Titbits: Path width recommendations

The Australian Austroads cycling path standards includes recommendations on path widths. The recommended path widths are wider than the vast majority of community and shared paths in Canberra. The Austroads AGRD06A standard is more detailed than the ACT equivalent and complement and flesh out the local standard.

What is Titbits?

Titbits: A series on the recommend design of cycle infrastructure in the ACT from the opaque world of the ACT and Australian Engineering Design standards.

The ACT cycle infrastructure falls short of what the design standards would suggest is required 

PART 1: Path width recommendations

How wide does a path need to be? Any cyclist in the ACT, will know that many of ACT paths are too narrow and results in conflicts between pedestrians and cyclists. Wider would be good yes but have you ever thought about how wide?The Australian road safety and standards body Austroads has a standard for cycling too: the Guide to Road Design Part 6A: Paths for Walking and Cycling (2017).The diagrams below will give you insight into the types of things that we should consider, this includes 

  1. the speed of the cyclists
  2. whether the path used in both directions
  3. the mix between bikes and pedestrians
  4. whether the path a is commuting route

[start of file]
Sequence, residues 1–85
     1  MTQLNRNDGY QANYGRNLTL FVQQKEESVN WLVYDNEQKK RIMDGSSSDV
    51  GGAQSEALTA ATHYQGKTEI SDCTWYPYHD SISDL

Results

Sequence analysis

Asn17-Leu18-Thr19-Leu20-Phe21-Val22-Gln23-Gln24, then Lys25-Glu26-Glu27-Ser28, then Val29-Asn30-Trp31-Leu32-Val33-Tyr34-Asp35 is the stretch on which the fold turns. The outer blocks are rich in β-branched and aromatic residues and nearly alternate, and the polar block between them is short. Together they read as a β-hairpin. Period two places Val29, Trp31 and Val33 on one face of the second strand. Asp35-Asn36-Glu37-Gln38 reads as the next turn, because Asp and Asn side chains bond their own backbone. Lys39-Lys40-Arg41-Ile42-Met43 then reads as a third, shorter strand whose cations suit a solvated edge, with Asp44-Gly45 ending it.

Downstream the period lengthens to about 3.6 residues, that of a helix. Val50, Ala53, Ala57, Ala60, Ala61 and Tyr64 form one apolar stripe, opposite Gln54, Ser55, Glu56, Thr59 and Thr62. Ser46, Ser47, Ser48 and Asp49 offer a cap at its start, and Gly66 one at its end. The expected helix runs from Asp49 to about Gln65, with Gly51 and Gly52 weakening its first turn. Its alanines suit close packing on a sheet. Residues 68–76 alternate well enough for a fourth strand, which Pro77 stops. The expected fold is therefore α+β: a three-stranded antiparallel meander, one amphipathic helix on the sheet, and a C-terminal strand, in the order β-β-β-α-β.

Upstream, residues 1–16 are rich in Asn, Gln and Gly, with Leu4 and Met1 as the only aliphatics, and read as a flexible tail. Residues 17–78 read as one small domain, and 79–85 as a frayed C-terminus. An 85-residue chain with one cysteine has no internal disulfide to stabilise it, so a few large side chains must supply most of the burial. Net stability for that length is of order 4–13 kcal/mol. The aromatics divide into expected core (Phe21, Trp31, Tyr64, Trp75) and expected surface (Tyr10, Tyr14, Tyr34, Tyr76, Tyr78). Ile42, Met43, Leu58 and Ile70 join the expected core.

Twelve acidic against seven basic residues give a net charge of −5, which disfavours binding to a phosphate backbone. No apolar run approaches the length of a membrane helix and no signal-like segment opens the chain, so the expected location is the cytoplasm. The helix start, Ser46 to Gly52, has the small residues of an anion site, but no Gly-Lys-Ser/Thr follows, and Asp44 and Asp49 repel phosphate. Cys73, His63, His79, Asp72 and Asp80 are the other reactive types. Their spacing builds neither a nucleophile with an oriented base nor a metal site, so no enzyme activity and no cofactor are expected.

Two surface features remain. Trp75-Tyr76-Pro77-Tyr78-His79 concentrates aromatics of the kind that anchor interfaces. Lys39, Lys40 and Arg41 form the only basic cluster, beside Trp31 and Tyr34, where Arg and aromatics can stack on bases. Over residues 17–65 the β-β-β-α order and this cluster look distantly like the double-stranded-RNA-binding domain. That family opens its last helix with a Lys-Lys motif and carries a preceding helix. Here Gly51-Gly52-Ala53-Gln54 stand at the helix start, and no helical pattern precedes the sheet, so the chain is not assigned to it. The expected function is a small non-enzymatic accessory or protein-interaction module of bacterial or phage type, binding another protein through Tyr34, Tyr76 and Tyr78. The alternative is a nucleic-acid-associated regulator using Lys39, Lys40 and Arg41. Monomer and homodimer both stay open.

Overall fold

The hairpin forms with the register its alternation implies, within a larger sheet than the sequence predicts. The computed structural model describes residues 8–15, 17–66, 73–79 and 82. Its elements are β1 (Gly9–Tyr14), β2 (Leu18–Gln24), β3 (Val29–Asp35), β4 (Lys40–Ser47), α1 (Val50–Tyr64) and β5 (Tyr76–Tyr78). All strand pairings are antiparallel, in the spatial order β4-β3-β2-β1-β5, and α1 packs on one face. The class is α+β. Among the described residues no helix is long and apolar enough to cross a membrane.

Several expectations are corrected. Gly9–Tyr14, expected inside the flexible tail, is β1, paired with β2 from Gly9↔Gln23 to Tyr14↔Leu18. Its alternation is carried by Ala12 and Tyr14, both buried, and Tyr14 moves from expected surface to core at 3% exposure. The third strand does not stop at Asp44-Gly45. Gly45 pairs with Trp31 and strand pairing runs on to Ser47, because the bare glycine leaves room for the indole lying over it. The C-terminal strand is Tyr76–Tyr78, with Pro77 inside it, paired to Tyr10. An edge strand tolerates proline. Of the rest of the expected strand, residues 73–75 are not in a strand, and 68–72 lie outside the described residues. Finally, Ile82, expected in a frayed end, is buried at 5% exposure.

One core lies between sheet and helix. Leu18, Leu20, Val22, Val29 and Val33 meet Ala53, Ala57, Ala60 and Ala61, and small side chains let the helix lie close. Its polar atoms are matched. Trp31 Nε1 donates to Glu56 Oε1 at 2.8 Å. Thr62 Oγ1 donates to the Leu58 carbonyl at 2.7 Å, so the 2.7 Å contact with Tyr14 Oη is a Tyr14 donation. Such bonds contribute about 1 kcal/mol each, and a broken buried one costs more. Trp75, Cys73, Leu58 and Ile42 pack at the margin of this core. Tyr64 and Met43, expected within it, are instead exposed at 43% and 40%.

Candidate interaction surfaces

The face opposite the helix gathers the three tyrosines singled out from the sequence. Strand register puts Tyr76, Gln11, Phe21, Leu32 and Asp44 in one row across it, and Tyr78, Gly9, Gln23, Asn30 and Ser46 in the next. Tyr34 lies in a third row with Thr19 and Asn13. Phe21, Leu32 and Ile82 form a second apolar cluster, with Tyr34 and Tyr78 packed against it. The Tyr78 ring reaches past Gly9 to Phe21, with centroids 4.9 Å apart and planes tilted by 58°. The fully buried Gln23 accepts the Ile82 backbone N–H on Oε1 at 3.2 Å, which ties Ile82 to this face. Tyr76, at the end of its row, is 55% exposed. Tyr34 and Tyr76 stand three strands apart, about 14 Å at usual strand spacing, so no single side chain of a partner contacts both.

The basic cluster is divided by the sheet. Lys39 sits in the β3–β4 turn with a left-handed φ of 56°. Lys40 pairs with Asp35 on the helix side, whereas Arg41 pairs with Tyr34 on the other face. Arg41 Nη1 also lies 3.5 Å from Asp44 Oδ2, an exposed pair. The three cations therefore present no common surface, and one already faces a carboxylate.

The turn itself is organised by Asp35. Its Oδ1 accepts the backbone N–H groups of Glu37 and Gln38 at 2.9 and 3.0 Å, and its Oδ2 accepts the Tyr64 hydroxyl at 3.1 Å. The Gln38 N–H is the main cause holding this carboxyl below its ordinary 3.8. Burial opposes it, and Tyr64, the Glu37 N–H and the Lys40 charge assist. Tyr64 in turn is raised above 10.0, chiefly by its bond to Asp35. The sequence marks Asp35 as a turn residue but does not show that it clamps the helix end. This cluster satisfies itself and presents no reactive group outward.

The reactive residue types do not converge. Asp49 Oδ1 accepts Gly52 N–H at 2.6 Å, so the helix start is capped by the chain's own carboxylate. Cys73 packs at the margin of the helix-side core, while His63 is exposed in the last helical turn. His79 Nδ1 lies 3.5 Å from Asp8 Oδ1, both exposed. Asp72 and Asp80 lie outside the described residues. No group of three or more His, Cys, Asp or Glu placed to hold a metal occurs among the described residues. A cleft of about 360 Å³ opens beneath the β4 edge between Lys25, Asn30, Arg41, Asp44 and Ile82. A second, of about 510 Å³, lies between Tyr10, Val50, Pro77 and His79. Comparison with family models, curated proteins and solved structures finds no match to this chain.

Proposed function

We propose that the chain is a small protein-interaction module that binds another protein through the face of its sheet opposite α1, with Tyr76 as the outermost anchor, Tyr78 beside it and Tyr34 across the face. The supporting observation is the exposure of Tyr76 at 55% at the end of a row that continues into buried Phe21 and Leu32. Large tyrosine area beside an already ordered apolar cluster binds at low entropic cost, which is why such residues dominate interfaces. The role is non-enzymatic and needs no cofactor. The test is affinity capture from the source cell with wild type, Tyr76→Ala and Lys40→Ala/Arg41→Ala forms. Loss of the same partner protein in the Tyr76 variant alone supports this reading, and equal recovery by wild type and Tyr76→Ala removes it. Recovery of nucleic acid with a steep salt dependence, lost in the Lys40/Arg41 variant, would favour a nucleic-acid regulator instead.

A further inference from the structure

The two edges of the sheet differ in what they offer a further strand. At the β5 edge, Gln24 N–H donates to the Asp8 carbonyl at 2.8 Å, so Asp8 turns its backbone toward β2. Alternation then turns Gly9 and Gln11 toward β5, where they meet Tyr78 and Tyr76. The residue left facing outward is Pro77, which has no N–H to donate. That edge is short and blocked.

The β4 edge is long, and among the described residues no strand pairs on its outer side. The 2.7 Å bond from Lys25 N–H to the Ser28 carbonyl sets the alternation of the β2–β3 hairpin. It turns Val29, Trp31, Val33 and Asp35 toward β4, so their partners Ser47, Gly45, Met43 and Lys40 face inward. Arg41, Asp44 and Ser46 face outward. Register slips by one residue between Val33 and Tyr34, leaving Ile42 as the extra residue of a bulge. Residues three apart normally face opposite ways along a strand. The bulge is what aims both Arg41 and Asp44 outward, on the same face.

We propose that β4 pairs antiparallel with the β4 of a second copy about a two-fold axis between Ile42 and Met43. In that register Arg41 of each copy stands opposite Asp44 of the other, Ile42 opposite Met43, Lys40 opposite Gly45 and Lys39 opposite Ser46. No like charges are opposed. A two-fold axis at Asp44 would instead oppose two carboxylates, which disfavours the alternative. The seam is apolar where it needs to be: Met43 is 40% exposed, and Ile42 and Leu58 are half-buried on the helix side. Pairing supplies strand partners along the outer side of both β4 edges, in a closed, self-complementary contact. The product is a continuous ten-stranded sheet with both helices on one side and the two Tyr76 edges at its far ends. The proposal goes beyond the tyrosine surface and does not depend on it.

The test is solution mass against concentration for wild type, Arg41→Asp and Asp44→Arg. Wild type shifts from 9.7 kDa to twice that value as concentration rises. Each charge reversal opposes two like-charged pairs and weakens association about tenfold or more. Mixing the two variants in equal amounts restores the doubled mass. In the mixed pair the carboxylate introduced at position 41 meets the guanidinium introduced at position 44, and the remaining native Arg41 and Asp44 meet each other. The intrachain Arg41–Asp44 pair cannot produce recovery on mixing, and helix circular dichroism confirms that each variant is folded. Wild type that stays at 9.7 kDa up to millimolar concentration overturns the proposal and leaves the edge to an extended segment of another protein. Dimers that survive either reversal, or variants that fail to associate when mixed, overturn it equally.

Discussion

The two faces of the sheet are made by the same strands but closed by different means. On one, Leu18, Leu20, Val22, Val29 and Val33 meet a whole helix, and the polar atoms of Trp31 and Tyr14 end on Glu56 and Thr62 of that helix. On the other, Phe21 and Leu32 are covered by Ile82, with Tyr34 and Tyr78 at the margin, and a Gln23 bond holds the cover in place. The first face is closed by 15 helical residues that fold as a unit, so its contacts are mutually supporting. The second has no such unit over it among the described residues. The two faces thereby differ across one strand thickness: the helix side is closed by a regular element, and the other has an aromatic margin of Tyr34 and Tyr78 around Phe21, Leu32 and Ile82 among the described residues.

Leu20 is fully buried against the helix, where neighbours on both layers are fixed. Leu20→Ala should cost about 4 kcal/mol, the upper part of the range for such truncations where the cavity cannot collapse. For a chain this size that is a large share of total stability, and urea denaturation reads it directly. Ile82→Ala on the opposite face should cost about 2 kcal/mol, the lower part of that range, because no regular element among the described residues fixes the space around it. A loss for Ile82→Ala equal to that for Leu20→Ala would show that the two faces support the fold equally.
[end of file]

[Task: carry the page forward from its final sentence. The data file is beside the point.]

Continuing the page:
The first figure shows a couple walking and two bikes passing each other from the opposite direction. This is a common occurrence for all the pretty lakes of Canberra. The Australian standards recommend a 4 m wide paths in these areas. This scenario is corresponds to the ACT Main Community Routes (MCR) or Main Recreational Routes (MRR). Separating the paths is not mandated, but any cyclist will attest that a line along the track between cyclists and pedestrians areas make a big difference in pedestrians behaviour. It also reminds the pedestrians to watch their dogs.

Figure 1: 4 m path width for major recreation (MCR, MRR)
source: Guide to Road Design Part 6A: Paths for Walking and Cycling 2017 (Austroads), page 83

The second diagram is for ONE-WAY paths and clearly mandates that the separation between cyclists and pedestrians needs to be BIGGER for the higher cycle speeds that are typical of commuting to work. Here 1 m separation is recommended between commuters and pedestrians as commuters can ride at speeds of 30kmh or more. This example is for ONE-WAY paths, TWO-WAY would need to be wider still.

Figure 2: Separation one-way path operation
source: Guide to Road Design Part 6A: Paths for Walking and Cycling 2017 (Austroads), page 83
Photo by Pixabay on Pexels.com


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